won, he immediately took the Oath of Fidelity to our new country. Because of his leadership the town was
named for Benjamin Woodbridge.
Answers: A) Benjamin Woodbridge 1742-1784 B) Sylvanus Pratt Marvin 1864-1904
C) George Mclean Milne 1952 – 1979
Answers: A) Francis Randall B) $4000
Last year we started a section in the Parishioner entitled Who Knows? It featured little known historical facts and curiosities about Woodbridge and our church. People enjoyed it. So we will revive it with the next issue of the Parishioner.
Meanwhile some homework is in order. In 1982, our own life long parishioner, Reverdy Whitlock, wrote the first volume of The Parish Of Amity, chronicling the formation and first 150 years of our church. Most of us have a copy lying around the house, or you can get one at the Parish House. In a church meeting during the past year at which Jesse Hubbard was present, he said he’d picked up his lying-around-the-house copy and started reading it. His next comment was most informative, “Wow, did they argue a lot back in those days! They disagreed about everything!” Does that comment not quicken your heart?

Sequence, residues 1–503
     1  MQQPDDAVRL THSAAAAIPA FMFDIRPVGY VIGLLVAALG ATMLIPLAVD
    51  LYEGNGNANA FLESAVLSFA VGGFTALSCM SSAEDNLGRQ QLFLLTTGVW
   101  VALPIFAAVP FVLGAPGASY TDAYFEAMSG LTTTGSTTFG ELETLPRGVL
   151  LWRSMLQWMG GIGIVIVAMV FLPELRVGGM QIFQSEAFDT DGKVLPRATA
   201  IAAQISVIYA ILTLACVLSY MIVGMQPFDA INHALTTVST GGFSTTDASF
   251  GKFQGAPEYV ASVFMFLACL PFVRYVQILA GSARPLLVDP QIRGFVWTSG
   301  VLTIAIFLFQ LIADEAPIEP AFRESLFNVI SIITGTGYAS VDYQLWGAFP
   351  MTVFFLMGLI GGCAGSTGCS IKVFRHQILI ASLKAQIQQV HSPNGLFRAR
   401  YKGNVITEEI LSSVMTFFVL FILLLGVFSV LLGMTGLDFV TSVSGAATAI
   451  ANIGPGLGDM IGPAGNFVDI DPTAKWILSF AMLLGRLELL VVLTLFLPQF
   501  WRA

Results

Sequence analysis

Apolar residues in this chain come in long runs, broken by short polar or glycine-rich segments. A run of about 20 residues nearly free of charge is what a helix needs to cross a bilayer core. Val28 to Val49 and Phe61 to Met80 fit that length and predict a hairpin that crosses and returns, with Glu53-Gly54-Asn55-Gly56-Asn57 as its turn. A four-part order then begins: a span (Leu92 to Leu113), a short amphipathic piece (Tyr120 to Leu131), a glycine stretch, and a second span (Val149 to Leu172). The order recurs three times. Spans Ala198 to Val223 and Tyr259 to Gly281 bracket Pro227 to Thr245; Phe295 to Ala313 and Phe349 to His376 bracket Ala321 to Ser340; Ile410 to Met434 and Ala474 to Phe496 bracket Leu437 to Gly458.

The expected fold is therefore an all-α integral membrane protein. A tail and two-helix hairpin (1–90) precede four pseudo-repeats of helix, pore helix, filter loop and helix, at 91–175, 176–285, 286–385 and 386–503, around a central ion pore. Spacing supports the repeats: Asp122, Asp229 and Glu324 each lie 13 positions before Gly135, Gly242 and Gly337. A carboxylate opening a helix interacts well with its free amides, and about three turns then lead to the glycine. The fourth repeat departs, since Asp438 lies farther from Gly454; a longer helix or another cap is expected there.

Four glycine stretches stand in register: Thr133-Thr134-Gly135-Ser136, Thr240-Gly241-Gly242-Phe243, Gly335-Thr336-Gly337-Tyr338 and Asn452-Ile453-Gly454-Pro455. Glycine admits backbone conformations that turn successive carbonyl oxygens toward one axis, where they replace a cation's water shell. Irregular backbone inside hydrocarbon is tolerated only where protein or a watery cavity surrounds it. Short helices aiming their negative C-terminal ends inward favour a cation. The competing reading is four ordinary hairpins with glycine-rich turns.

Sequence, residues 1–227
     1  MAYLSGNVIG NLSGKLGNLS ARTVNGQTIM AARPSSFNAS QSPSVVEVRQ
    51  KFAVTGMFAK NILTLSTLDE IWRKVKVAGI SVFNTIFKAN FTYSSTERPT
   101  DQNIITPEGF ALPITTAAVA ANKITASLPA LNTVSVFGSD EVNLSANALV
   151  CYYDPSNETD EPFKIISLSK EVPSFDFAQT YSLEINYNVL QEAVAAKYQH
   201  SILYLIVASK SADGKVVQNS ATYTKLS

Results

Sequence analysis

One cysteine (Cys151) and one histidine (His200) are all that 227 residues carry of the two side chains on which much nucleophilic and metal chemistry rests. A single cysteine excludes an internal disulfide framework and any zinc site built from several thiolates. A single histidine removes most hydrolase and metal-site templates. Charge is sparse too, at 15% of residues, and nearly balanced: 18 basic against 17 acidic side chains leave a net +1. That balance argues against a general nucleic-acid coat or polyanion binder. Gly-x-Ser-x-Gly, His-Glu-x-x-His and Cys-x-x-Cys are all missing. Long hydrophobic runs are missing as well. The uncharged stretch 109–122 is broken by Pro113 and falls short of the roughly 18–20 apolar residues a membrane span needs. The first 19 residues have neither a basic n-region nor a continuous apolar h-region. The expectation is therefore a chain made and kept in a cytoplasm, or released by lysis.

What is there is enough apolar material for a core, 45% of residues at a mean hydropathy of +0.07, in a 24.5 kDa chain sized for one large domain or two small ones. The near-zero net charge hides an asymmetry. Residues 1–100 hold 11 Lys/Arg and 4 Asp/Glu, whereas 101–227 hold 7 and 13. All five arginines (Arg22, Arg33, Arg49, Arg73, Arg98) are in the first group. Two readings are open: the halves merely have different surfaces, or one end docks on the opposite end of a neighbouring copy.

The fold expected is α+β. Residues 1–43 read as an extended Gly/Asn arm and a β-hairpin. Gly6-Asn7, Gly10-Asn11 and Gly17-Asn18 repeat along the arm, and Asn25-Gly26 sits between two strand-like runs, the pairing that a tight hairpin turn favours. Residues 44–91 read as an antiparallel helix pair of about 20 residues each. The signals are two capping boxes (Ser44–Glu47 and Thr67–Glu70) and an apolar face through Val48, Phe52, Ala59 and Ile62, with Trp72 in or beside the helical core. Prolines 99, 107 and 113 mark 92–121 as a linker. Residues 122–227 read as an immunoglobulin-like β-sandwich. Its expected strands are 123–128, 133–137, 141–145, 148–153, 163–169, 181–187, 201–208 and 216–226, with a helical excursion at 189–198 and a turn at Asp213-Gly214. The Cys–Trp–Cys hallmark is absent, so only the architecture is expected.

Perhaps not much has changed! Perhaps that’s who Congregationalists are. Perhaps we endure in spite of ourselves. Perhaps there is something larger at work.
Differences aside and included, those early seekers, doers and believers managed to form a church that has survived for 283 years. How? Why? What is their message, down through
the ages to those of us who now walk the same land they walked, pondering, talking, hoping, praying, having faith and still worshiping the same God and serving the same
Part of the answer may be found on the back flyleaf of Reverdy’s book where he observes, “This history ends in 1904, that memorable year of Mr. Marvin’s demise. At that time the parish had had a continuous existence for 166 years marked by plowing and sowing in the springtime and gathering in the crops in autumn. It was a time of hard work on weekdays and sabbaths spent in the meetinghouse. There was in it frugality and piety, but perhaps more important – a sense of community.”
Homework assignment: Find the book, open it and, go ahead, look at the pictures first, then scan the table of contents looking for just one chapter that peaks your interest. Then read the